Holy See Address at U.N. Peace Service
"No Surrender to the Culture of Conflict"
GENEVA, FEB. 8, 2007 (Zenit) - Here is the address given Jan. 30 by Archbishop Silvano Tomasi, the Holy See's permanent observer to the United Nations at Geneva, at the Interreligious Service for Peace.
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1. From different religious and cultural backgrounds, with our different histories, we come together this evening to affirm that peace is a gift to be welcomed and a task to be pursued. There is no surrender to the culture of conflict; no acceptance that clashes are unavoidable and that war is ever natural. Such confidence comes from a vision of peace that is deeply rooted in the core values and insights shared by all faith traditions that God our Creator has endowed each person with an inalienable dignity and thus given us equality of rights and duties and established and unbreakable solidarity among all women and men.
2. I am honored to welcome you at this by now traditional occasion for a moment of prayer and reflection on peace inspired by the annual Message for the celebration of the World Day of Peace that His Holiness Pope Benedict XVI has centered this year on the theme: The Human Person, the Heart of Peace. The daily concerns of the representatives of countries of the world and of international organizations as well as of the authorities of Geneva and of civil society organizations -- all most welcome -- is the search for a better way of living together and respond to the natural desire of the human family for peace.
3. But we are not naive. The phenomenon of violence has become increasingly complex in the 21st century and it poses unprecedented challenges to the international community. The work for peace implies now closing the gap between the rich and the poor; putting an end to civil wars, to terrorism, and all armed conflicts; stopping a revived arms race and the proliferation of a variety of weapons; rejecting the glorification of violence in the media.
Millions of people are affected by current wars and civilians are targeted with total disregard of humanitarian law. These victims and the millions of forcibly displaced persons call for peace, for respect of their human dignity. It is a difficult moment but we know "there is a moral logic which is built into human life and which makes possible dialogue between individuals and peoples."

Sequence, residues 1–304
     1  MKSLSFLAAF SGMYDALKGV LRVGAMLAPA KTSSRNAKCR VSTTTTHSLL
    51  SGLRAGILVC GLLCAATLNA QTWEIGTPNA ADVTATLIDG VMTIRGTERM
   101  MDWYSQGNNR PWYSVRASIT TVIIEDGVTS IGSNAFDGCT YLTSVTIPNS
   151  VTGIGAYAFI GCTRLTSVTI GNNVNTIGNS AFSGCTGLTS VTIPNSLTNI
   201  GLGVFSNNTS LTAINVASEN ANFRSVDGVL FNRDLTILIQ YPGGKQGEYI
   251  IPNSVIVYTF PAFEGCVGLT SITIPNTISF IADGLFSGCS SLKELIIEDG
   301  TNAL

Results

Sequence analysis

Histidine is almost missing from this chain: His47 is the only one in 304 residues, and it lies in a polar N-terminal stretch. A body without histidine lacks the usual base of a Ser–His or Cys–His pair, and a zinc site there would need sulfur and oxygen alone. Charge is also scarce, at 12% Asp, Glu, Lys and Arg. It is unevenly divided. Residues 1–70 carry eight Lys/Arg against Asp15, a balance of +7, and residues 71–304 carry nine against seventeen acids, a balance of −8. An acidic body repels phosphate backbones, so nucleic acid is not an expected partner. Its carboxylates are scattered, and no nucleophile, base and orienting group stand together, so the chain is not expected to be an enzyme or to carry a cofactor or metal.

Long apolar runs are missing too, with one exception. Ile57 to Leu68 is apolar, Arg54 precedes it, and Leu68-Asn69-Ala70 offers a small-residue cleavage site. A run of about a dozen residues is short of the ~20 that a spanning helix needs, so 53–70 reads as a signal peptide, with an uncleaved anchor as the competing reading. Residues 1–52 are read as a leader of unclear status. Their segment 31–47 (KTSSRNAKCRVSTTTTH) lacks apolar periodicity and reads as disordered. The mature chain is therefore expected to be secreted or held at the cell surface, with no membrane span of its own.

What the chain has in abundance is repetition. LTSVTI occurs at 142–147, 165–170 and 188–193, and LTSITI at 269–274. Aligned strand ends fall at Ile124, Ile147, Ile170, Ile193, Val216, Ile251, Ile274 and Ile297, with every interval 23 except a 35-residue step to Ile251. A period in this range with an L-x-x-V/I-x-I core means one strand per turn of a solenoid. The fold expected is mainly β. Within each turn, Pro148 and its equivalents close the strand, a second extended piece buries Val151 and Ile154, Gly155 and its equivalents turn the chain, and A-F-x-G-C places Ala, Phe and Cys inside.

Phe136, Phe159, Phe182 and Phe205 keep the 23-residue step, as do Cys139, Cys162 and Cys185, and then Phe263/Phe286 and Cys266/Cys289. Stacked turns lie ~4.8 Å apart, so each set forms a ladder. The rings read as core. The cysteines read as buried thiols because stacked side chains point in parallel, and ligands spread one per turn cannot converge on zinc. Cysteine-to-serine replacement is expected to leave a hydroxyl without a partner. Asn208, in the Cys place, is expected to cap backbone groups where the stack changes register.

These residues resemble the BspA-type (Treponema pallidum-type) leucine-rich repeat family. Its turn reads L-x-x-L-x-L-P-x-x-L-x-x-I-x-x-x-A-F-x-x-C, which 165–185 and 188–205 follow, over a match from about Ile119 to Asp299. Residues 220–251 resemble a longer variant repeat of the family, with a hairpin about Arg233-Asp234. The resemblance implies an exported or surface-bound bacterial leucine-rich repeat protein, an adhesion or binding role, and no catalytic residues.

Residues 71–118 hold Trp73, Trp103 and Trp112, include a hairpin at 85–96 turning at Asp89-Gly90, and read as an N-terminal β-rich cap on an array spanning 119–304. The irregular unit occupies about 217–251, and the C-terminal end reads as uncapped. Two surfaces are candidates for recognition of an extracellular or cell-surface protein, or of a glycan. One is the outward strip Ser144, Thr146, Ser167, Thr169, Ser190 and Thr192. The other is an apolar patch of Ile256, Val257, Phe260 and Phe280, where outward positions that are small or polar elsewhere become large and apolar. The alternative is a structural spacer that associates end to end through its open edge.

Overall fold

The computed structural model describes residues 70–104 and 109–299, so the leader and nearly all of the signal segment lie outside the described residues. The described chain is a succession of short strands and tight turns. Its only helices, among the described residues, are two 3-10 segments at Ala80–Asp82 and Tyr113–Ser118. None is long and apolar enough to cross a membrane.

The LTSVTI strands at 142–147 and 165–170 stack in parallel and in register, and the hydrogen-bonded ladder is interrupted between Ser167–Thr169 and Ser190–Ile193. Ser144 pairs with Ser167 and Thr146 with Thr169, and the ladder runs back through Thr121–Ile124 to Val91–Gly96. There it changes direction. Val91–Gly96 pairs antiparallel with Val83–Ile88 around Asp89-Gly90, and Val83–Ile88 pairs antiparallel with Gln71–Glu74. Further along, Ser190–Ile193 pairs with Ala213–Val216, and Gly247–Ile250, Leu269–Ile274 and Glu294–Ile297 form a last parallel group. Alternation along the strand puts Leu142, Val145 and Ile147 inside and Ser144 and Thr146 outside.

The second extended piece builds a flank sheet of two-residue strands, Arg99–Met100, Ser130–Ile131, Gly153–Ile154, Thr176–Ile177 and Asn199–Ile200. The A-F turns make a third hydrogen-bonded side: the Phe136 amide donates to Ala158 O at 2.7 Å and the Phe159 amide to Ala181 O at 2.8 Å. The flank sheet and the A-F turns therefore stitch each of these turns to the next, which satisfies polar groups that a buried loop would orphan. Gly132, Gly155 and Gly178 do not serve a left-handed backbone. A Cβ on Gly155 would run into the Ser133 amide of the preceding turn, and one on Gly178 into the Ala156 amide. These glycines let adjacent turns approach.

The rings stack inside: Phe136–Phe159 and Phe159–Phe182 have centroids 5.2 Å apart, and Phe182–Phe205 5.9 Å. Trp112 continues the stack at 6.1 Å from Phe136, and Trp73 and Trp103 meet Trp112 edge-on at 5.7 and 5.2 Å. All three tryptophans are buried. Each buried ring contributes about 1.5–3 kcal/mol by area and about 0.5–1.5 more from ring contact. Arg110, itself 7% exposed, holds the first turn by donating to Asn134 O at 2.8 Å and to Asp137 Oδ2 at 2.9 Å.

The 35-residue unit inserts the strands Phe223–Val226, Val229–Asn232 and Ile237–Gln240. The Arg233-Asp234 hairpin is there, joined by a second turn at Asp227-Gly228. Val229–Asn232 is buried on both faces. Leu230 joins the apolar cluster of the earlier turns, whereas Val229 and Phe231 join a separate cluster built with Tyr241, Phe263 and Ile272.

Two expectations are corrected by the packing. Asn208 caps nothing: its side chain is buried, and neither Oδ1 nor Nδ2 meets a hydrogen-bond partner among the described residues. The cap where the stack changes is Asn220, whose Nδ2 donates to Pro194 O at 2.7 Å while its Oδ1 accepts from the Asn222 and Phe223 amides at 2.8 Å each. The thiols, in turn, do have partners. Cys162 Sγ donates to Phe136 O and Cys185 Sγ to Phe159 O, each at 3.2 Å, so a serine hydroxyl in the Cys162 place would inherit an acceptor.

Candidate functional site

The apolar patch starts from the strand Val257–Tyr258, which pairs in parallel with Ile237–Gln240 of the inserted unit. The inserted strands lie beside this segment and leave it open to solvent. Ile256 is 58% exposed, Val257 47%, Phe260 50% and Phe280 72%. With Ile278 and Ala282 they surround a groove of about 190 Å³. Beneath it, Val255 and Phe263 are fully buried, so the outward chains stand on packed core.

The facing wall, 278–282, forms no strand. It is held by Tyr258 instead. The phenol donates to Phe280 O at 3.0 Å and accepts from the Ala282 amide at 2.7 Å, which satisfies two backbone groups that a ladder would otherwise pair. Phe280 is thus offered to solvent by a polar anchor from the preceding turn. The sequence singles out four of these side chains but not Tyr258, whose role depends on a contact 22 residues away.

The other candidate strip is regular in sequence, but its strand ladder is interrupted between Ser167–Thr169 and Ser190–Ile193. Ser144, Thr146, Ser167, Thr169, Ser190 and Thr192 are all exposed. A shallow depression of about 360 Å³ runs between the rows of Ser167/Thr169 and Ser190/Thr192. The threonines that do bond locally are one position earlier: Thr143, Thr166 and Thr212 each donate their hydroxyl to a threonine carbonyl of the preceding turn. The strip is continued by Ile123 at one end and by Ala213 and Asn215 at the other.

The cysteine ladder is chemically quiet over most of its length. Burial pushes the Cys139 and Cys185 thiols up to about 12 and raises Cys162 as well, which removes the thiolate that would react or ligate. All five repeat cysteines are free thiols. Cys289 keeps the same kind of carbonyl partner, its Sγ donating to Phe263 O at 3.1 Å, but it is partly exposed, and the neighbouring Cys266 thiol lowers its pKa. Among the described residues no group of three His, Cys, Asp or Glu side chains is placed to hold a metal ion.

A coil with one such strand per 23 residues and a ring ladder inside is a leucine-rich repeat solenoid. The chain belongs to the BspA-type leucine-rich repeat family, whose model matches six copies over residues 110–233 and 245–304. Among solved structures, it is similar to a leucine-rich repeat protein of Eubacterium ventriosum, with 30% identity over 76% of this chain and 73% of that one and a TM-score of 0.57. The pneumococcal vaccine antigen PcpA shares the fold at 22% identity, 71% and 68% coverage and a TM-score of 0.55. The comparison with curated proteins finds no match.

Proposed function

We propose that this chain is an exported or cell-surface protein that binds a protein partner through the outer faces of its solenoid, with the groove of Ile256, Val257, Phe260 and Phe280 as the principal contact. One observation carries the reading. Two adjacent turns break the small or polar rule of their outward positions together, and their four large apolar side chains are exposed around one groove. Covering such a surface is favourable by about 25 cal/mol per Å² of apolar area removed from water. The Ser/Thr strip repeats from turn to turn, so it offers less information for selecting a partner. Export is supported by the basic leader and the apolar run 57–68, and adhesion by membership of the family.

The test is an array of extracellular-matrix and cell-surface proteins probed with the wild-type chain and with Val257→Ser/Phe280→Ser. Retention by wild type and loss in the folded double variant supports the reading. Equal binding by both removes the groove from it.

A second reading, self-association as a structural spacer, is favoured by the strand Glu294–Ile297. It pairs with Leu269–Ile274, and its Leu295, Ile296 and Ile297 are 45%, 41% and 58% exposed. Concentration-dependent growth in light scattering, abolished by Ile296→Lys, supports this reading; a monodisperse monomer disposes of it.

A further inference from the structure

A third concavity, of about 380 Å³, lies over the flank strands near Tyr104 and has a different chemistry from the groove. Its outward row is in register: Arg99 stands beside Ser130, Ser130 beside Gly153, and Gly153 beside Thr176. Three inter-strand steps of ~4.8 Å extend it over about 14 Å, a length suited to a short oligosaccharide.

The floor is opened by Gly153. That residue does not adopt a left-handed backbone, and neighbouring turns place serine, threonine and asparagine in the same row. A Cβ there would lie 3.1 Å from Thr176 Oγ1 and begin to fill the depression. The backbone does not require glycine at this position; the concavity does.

4. The search for peace begins in the heart of every individual and move forward to countries and to the international community, an orderly process founded on the respect of the person, the right to life and religious freedom, the free exercise of basic human rights, the elimination of unjust inequalities. So the question emerges of how we can bring healing to the world, of how we can go beyond mere tolerance and reach out to others on the base of respect and justice. The need to move beyond tolerance resides in the fact that this is a kind of passive acceptance of others imposed by law, a first step for sure but without personal involvement.
It has been observed that a civilization of tolerance is built on a minefield: When attention lowers, the mines explode. Respect instead looks at others as partners in the same humanity, children of the same creator, with the same aspirations for a happy and peaceful life, even though the way may be different. Effective dialogue and negotiations for peace rest on the two pillars of respect and justice, the justice of daily practical relationships that tests the sincerity of our words and agreements. The process that goes from tolerance to respect and justice reaches its perfection when it discovers "that the highest vocation of every person is love." In this realization, "we can find the ultimate reason for becoming staunch champions of human dignity and courageous builders of peace."
5. Aramin, a former fighter, active member of Combatants for Peace, a group of former Palestinian militants and former Israeli soldiers who have teamed up to urge reconciliation, said a few days ago: "Over time, I became convinced we couldn't solve our problems with weapons and we had to talk to the other side." There is a clear convergence with the message of Pope Benedict who states: "War always represents a failure for the international community and a grave loss for humanity."
By walking together on the path of dialogue, respect, justice and love, God's gift of peace can be ours even today.
http://www.catholic.org CA, US
Catholic Online - Publisher, 661 869-1000
U.N., Peace, War, Freedom, Holy, See, Tomasi
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